The first time I met Blusie she was a five-year-old pup, bounding into the home of a former boyfriend with all the energy and joy of a six-month-old on speed. A yellow lab, she had the exuberant, all-loving happiness typical of her breed and demonstrated it from the moment she raced into the living room and up the stairs, around the landing, down the stairs and onto the sofa where the former boyfriend’s six-year-old twins screamed with excitement and self-protection. Her name was Lucy then, and she belonged to a friend of his who lived nearby.
A year later, after Simone’s recent death, the former boyfriend called to tell me that his neighbor was looking for a home for Lucy, who had become epileptic from being contained and alone all day in a small apartment. He stressed the allure of her sweet pink nose, ever cold, while I recalled the ferocity of her high-speed wagging tail. I decided to rename her Blusie in honor of the former boyfriend’s impossibly blue eyes.
Like Simone, Blusie wasted no time in fitting in. Food and play were her avid passions, and Fleischer and the cat took her exuberance in stride. Blusie especially loved men and children. She would run after them at a moment’s sighting, terrifying some and delighting others. She stole balls from boys playing catch in the street, she rushed across lawns to greet perfect strangers, and like most Labs, assumed everyone in the world loved her. Every day was the best day of Blusie’s life. She never had another seizure.
That sweet pink cold nose was a force of nature. No matter how hard I tried to keep her in the yard, she always found a way out to go tracking. One neighbor in particular, a guardian angel, no doubt, was forever spotting her down the street. Others, blocks away, would stop me on our walks to tell me how she’d shown up and joined their touch football games or stolen their snacks. Once, after a hurricane, when I was sleeping with all the windows and doors open until the electricity returned, I was awakened at midnight by a neighbor who, sitting on his front porch for air, had spied her trotting by. I thought she was still asleep next to the bed. Then there were the times when she simply seem to disappear before my eyes – sleeping in the grass outside my office door one moment, out of the sight the next. It seemed I spent half my life driving around the neighborhood looking for her: I once counted the number of times she’d gone off and I found her – 24.
The nose also made Blusie a beast on the leash. She tugged so hard when I walked her that I had to use a choke chain to keep her from taking off my arm in pursuit of a scent.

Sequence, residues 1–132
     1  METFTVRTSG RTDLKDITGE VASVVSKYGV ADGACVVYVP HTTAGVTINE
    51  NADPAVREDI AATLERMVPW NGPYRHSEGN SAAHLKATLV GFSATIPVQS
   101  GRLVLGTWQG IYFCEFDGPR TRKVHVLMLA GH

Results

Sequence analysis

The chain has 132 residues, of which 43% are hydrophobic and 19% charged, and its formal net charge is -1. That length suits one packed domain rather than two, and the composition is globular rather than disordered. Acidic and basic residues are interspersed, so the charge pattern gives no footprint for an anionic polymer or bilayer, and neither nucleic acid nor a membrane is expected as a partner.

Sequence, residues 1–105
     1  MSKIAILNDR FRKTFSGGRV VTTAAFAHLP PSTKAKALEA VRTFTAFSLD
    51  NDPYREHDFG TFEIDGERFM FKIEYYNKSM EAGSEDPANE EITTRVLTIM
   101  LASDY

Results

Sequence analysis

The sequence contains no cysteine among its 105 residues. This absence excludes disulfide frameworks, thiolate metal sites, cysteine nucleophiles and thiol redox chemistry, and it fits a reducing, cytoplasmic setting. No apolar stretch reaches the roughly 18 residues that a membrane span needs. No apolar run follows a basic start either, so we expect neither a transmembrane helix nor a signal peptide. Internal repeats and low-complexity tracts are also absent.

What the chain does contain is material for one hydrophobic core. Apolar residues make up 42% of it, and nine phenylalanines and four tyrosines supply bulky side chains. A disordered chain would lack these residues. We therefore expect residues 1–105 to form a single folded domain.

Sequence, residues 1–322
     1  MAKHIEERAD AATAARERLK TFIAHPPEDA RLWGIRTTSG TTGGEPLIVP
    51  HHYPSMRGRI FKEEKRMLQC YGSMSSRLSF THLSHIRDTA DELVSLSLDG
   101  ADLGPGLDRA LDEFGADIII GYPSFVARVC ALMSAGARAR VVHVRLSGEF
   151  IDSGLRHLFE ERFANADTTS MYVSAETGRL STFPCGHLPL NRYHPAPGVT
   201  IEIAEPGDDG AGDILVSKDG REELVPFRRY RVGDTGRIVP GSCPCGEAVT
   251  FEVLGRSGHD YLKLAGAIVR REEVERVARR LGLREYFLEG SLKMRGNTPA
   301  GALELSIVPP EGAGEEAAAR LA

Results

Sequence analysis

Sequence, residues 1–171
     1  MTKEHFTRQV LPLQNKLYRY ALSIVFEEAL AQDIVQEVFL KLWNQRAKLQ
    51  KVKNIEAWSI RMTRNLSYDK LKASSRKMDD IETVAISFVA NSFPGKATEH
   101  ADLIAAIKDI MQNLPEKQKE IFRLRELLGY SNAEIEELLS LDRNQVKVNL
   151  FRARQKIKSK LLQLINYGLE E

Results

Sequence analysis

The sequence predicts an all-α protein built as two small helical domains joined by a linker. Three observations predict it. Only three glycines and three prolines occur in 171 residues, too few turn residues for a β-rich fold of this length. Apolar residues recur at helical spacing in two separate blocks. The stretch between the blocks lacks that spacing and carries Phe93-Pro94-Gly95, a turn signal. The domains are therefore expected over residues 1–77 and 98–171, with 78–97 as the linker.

Blusie conveyed emotion so intensely, it felt human. Especially when food was around. She liked to post herself just outside the kitchen, turn her big black eyes into those of a starving poster child, and stare in want until a treat appeared. At her happiest, she lay on her back, stretched her paws into the air, and wriggled until her mouth opened with a giant grin. Then she’d lay waiting for me to come and pound on her tummy.
Most of all, Blusie loved to party. The more people, food, and music, the more she was up for a good time. When she was docile, she slept the sleep of angels and snored like a trucker; when she was delighted, which was most of the time, she pranced like a hobby horse; when she was excited, her tail could have pounded a kettle drum. In fact, in her excitement at running to the door to welcome whoever might be there, that tail usually smacked an assemblage of imitation fruit piled in a Piero della Robbia-like still life nearby. Visitors often had to cross a sea of strewn bananas, artichokes, and apples to enter.
Blusie remained the puppy-like party-girl until she turned thirteen. Then her hips grew frail and the feed-me stare began to look haunted. I had her on medications and vitamins and steroid injections. The tail wagged, but unconvincingly. One Saturday night my neighbors had a big pool party, and she, naturally, found her way in. Food, treats, water, friends – she wasn’t as quick as she used to be, but the puppy spirit resurged. She snarfed and trotted, chased a ball and went for a swim.
The next day she was spent. I worried, coaxed, kissed, cooed. The haunted face had returned. That night the cat woke me at three am. Odd, he was prompt about being fed at seven. I got up to let him in. Blusie had moved from her cushion at the foot of my bed to the cool terrazzo floor in the living room. I knew immediately when I saw her that she was gone. I went to hold her, stroke her. When I bent to kiss her, I found that even though the beautiful blond body was inert, the sweet pink nose was still cold.